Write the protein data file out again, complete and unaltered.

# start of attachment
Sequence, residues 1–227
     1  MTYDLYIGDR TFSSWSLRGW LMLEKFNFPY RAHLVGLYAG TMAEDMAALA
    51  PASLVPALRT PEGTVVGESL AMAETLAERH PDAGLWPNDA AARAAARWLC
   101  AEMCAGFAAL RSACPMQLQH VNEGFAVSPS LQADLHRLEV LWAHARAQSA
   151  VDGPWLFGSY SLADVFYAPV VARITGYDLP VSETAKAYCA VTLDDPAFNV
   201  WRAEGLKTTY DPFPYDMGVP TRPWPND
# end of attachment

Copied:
Sequence, residues 1–227
     1  MTYDLYIGDR TFSSWSLRGW LMLEKFNFPY RAHLVGLYAG TMAEDMAALA
    51  PASLVPALRT PEGTVVGESL AMAETLAERH PDAGLWPNDA AARAAARWLC
   101  AEMCAGFAAL RSACPMQLQH VNEGFAVSPS LQADLHRLEV LWAHARAQSA
   151  VDGPWLFGSY SLADVFYAPV VARITGYDLP VSETAKAYCA VTLDDPAFNV
   201  WRAEGLKTTY DPFPYDMGVP TRPWPND